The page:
Old Bus Tickets

East Yorkshire Motor Services – Setright Speed


For the third excursion into East Yorkshire bus tickets, another look at the co-ordination agreement with Hull Corporation is called for. By the late 1960’s the existing agreement was getting less favourable to the Corporation, as most services they were operating terminated in the “B” area. Consequently negotiations with East Yorkshire, by now a member of the National Bus Company, led to a new agreement in which the “A” and “B” areas were combined, and revenue was now split 70/30 in favour of the Corporation. By effectively removing the distinction between the two inner areas, ticketing became simpler, and the Willebrew and Ultimate systems were replaced by the then new Setright Speed. This is fairly typical of tickets issued up and down the country, by One Man Operated buses. The new system was in use throughout the company and fares collected in the Hull area was then easily calculated from the machine recording. Incidentally, although much has been written about joint operations with Hull Corporation, East Yorkshire had agreements with United; on the Bridlington to Scarborough routes and with West Yorkshire on the York/Leeds route.
Although not illustrated another system was used by East Yorkshire in the mid 1970’s. This was the “Farebox” system, which was very similar to the Hull Corporation Autofare system, also on the Old Bus Ticket, website. The major difference was that East Yorkshire buses did not issue any tickets, giving us nothing to illustrate.

Photograph and Copy contributed by Keith Easton

East Yorkshire Motor Services – Ultimate Tickets

Most people think of East Yorkshire bus tickets as being of the Willebrew type, and the reasons for their use are given on the East Yorkshire Willebrew tickets posting. Not many people realise that East Yorkshire used the Ultimate tickets concurrently with the Willebrew types. Willebrew were ideal for journeys which consisted of a large number of stages and fares, but East Yorkshire operated a number of services which had a small number of fares and stages for example Bridlington and possibly Pocklington also. The largest use of ultimate tickets was in the town of Bridlington, where a large number of short services were operated within the town, and the Ultimate system was ideal for services such as these. I have personal memories of Ultimate tickets being issued in the town.



The first version above, with the large fare amount was in use in the late 1950’s, and they were fairly typical of the type. The second type featured a less cluttered look, with the fare in smaller print than previously. Several examples of both types are illustrated.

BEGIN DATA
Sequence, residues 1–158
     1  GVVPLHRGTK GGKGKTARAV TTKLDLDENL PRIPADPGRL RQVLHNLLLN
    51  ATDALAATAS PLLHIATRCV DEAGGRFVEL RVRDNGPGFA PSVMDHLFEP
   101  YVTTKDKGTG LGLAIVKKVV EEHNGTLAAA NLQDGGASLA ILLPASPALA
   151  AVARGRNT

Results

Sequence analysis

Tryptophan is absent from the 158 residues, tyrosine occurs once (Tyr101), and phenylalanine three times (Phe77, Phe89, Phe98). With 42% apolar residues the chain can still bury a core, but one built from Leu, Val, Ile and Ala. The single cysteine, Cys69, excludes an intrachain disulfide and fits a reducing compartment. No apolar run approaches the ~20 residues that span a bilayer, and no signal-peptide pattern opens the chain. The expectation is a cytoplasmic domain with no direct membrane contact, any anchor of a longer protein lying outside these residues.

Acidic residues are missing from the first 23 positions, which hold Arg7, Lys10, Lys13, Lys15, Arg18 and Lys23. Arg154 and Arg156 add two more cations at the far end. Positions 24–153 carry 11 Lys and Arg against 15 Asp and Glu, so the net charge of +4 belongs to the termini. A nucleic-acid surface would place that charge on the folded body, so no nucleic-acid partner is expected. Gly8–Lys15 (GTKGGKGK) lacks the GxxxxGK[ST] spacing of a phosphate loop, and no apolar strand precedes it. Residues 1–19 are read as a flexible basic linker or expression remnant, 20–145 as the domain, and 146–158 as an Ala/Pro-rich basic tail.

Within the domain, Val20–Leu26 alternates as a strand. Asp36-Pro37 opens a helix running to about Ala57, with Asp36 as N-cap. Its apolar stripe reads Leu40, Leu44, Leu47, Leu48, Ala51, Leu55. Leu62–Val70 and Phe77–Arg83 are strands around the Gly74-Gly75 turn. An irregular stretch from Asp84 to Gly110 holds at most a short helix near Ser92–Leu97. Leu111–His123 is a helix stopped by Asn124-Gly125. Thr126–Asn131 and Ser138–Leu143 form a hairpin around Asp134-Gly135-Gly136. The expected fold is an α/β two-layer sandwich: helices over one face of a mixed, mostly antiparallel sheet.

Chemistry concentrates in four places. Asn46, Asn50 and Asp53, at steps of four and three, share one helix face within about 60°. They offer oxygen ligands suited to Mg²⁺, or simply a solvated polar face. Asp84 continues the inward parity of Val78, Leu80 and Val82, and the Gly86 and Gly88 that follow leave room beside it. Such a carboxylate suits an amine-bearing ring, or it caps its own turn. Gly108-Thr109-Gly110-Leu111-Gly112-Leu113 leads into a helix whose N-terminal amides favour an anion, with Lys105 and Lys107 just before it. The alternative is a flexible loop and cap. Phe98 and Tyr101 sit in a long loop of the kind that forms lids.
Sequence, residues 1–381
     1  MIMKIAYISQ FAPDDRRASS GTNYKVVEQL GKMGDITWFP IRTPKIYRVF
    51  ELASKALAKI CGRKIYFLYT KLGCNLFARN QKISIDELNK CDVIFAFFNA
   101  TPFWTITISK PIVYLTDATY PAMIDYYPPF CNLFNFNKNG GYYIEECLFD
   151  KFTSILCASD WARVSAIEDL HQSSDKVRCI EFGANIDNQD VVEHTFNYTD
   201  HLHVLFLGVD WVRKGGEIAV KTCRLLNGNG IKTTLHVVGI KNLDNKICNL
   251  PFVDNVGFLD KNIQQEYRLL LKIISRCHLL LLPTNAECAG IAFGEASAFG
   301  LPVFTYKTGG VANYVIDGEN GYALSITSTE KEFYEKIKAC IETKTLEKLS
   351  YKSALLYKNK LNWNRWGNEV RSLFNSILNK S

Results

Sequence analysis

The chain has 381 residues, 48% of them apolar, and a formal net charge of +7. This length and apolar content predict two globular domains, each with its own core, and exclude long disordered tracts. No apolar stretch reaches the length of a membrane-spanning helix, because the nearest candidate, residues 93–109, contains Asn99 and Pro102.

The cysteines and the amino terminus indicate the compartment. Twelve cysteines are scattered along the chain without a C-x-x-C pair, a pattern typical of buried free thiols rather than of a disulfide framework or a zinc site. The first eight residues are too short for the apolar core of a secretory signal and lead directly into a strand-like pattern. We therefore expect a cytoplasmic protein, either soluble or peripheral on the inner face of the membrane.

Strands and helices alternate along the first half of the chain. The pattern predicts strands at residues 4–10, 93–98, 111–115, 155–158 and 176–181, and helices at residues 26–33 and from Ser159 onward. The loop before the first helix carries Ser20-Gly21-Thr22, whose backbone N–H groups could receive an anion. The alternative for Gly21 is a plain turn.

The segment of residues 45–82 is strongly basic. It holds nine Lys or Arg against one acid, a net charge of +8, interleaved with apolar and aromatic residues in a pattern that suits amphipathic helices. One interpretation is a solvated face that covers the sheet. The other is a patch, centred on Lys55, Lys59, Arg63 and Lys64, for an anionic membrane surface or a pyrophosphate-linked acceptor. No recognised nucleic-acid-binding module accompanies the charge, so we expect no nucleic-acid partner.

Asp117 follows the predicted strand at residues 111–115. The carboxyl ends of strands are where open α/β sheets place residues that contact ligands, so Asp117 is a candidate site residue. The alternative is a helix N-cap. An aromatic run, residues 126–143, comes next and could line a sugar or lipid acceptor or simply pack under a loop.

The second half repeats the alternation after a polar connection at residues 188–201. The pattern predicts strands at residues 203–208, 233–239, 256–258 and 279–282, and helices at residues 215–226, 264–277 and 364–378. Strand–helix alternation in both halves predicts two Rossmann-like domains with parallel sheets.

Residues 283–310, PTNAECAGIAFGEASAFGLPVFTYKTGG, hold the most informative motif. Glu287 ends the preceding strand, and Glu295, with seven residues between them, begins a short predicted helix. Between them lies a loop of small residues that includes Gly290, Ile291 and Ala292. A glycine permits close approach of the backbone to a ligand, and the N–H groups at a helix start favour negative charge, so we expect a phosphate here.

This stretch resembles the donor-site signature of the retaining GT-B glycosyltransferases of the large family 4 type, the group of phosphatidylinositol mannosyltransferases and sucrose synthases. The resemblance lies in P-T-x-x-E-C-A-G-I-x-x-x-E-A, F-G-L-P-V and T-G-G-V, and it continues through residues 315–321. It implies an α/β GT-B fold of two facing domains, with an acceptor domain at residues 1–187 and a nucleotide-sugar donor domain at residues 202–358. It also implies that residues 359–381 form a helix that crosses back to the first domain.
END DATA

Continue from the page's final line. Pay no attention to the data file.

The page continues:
The third type illustrated poses a question, why were ultimate tickets printed with “A” and “B”, when the Willebrew tickets were devised for such use? Two possibilities present themselves; firstly they may have been used in some kind of emergency, using standard ultimate tickets overprinted for the purpose. The second possibility, which is the more likely to my mind, was as follows. East Yorkshire operated a number of services within the city of Hull, which were held on joint licences with the Corporation. As these services were within the Hull city boundary, they only operated in the “A” and “B” areas, and they had only a small number of stages and fares, charging the fares set by the Corporation, thus the need for the Willebrew tickets would not have been present. The most notable of these services was the 56, Coach Station to Longhill Estate route, although there were others also. Whichever use they were for way, these ultimate tickets were of the second type, in use in the 60’s. I would be pleased for confirmation or clarification of this.

Photographs and Copy contributed by Keith Easton


07/11/11 – 12:09

I worked for EYMS at Bridlington from 3/66 to 8/67 as a conductor and can confirm we used the 1st type of ultimate tickets on town services, otherwise Willebrew tickets were used on out of town routes and town services were we had a mixed shift of services the downside was the waybills were as big as the times newspaper and you had to bookup at every fare stage. I cured that by passing my psv test in June 1966 and taking the driving seat that also meant I had to learn to use the Setright ticket machine to do one man routes as required, so we had 3 types of machine in use at the time I also seem to remember a emergency book, I did not get away from the Willebrew in winter 66 as to continue employment I had to conduct until Easter 67.

Ken Wragg


08/11/11 – 11:12

Oh heck Ken, the mention of the “emergency book” has sent a shiver through me. I take it you mean the beastly things that were based on the tickets normally used in the Bellgraphic or Automacheckit machines ?? Four tickets per page with carbon copies and a cardboard backing sheet to be inserted in the right place “or else.” They may have preserved accurate revenue records for the Office, but you might as well throw the timetable out of the window when a machine failure inflicted them on you – I still have an unused complete one from my days with South Yorkshire Road Transport at Pontefract.

Chris Youhill

East Yorkshire Motor Services – Willebrew

When ever one hears East Yorkshire Motor Services, we tend to think of buses with odd-shaped roofs and odd-shaped tickets, it is the latter which we shall look at here. But first a brief examination of bus services within Kingston-upon-Hull may be helpful.

Hull had two major operators within its boundaries, firstly, the Corporation which operated trams and buses, and East Yorkshire which operated buses only. By 1934 both the Corporation and East Yorkshire were operating buses along the main roads of Hull and in addition the Corporation trams were also running along many of these roads also. This was resulting in vehicles of both operators being under-used. As a result of this on 29th July, 1934 a co-ordination agreement between East Yorkshire and the Corporation took effect, thus service along each main road were now co-ordinated with each other and the trams, thus reducing over-provision of services. Some of the Corporations tram routes were cut back, and it was these new termini which determined the inner ‘A’ area. Outside this area to the city boundary was the “B” area, everything outside these two areas, was sometimes termed the “C” area, but this term was never officially used. All the revenue from both operators in the “A” area went to the Corporation, whilst that from the “B” area was split between both operators, and revenue beyond these two areas went to East Yorkshire.